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David Bishop - Development Manager for Archives and Heritage, Library of Birmingham

Page history last edited by Library of Birmingham 9 years, 10 months ago

Opening in 2013, the Library of Birmingham represents one of the most significant cultural projects to have been undertaken in the UK in the past decade. A key cornerstone of Birmingham City Council’s Big City Plan to regenerate the city centre, the new library will be a hub for the region and an engine for the knowledge and creative economies, linking the people of Birmingham to the world and bringing the world to Birmingham. It will be a major cultural destination that will rewrite the book for 21st century libraries. 

 

Birmingham is home to a host of amazingly rich and extensive archive and special collections, including one of the world’s most comprehensive Shakespeare collections and a world-class photography collection. Large parts of our holdings have been designated as being of national and international importance by the Museums, Libraries and Archives Council. 

 

My job is to oversee the move of these invaluable items from their home in the current Birmingham Central Library to the Library of Birmingham – and it’s more than simply a case of putting them in boxes and carrying them across! In fact, our staff and specialist contractors have already started preparations for the relocation, some two and a half years before the Library of Birmingham opens.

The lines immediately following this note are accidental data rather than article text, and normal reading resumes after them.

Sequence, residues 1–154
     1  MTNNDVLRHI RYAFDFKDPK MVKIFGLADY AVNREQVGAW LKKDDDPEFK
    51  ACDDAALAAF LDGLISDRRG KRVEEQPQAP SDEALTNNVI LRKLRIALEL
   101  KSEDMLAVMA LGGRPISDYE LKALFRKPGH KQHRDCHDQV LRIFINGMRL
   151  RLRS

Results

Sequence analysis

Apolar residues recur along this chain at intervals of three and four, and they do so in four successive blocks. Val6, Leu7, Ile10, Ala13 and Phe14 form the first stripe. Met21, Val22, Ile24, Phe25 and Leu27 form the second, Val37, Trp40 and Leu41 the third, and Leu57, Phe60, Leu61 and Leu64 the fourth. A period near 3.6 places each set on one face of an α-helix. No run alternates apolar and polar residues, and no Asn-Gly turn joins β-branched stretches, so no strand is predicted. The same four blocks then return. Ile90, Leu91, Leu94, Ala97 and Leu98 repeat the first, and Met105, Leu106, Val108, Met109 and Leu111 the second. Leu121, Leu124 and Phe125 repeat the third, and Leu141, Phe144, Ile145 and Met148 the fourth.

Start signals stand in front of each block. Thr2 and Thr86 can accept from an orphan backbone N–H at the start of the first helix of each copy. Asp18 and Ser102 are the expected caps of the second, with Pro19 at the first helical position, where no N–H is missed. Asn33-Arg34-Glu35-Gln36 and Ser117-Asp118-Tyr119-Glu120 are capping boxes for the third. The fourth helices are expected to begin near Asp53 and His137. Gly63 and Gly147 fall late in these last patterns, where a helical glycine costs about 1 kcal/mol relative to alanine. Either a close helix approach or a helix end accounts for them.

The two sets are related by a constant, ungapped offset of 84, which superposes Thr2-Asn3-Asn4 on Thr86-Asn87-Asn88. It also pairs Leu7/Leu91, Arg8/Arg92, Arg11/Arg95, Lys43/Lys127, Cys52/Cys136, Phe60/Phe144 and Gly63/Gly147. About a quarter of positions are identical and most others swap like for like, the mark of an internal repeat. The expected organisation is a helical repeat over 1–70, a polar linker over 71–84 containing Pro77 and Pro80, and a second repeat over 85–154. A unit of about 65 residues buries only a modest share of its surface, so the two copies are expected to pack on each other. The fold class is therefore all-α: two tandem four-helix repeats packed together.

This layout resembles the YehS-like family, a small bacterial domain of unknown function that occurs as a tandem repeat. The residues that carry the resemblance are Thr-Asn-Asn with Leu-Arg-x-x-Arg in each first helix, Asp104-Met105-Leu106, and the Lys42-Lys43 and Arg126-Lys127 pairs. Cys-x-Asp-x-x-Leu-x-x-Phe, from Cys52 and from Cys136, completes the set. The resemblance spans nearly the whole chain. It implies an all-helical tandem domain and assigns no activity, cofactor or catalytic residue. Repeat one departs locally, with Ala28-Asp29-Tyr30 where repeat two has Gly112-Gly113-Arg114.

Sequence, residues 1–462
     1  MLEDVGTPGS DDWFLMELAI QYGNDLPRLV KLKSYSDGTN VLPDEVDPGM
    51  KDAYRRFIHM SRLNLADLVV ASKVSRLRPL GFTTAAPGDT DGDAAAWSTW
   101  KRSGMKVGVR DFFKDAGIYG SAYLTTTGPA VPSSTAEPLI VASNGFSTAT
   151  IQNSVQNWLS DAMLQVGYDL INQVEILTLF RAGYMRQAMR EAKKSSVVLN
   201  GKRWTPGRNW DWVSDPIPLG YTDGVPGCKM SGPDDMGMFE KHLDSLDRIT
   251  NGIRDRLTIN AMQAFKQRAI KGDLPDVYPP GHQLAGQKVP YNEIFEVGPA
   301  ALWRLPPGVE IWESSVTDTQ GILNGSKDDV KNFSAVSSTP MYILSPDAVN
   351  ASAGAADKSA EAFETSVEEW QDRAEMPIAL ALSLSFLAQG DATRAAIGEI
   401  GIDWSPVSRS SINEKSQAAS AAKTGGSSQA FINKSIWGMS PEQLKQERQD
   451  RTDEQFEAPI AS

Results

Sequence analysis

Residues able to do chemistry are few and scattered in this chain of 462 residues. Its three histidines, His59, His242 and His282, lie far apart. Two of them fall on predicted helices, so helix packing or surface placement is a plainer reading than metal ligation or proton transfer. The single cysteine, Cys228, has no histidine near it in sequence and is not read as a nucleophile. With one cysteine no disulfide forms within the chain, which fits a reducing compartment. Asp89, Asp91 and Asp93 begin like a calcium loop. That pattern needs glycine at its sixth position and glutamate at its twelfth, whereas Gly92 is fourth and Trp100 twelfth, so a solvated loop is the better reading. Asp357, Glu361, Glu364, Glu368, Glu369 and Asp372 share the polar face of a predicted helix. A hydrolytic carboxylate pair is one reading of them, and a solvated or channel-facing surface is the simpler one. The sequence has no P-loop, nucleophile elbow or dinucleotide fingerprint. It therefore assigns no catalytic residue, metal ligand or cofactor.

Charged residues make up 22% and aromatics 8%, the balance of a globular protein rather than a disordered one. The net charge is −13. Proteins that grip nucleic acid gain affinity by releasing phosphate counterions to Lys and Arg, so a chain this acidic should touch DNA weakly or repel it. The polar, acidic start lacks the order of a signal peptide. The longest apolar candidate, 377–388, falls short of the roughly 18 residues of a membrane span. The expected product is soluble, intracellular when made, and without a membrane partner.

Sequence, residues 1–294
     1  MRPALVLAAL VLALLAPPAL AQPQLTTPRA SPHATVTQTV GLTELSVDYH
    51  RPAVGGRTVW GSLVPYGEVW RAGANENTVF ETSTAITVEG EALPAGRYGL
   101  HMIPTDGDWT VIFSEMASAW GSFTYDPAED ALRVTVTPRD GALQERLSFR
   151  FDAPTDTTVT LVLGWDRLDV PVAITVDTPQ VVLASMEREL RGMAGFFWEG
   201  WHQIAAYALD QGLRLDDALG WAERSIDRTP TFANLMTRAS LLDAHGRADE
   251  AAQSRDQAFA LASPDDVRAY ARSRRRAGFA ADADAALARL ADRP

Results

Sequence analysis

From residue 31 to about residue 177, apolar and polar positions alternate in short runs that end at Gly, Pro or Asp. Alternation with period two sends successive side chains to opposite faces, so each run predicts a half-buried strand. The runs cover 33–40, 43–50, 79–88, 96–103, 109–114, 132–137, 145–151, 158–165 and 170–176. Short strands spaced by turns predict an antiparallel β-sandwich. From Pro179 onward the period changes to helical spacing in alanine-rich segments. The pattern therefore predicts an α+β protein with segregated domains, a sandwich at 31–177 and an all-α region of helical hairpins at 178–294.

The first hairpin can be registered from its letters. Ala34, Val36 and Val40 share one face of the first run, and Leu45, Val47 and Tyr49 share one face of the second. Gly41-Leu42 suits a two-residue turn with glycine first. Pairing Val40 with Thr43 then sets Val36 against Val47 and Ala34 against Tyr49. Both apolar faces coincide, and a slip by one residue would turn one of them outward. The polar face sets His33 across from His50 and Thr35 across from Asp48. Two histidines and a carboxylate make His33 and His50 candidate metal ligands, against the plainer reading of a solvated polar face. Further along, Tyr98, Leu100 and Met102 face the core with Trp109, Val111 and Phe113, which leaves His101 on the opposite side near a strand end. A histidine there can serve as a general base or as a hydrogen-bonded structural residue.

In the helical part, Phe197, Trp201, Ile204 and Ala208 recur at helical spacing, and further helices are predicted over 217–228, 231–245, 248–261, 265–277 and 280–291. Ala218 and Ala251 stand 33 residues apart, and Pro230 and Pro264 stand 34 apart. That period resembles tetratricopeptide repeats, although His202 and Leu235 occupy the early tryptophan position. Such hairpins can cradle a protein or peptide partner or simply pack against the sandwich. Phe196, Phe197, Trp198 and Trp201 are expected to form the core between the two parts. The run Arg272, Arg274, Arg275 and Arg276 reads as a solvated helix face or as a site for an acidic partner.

Many of our archived items are extremely fragile, including those that are hundreds of years old. Such irreplaceable and invaluable items must be handled with extreme care and stored in purpose-built containers to ensure they are not damaged. To demonstrate the extent of these requirements, we have even commissioned the production of tiny acid-free boxes to contain the library’s smallest books, ‘The Bijou Series’ from 1850, which are just 2.5cm tall! 

 

As well as the physical move, one of my key tasks is to oversee the digitisation of the archives and heritage service. The Library of Birmingham is set to welcome millions of visitors to the building, and yet more millions worldwide. Providing access to the archives is key to both. Together with colleagues, I am working on the photography, scanning and digital reproduction required to bring our collections to life online. 

 

The Library of Birmingham will provide purpose built storage areas for the collections, ensuring they are preserved perfectly for future generations to explore, while display areas will ensure that more people can enjoy them than ever before. 

 

If you would like to find out more about the Library of Birmingham project, please visit www.libraryofbirmingham.com 

 

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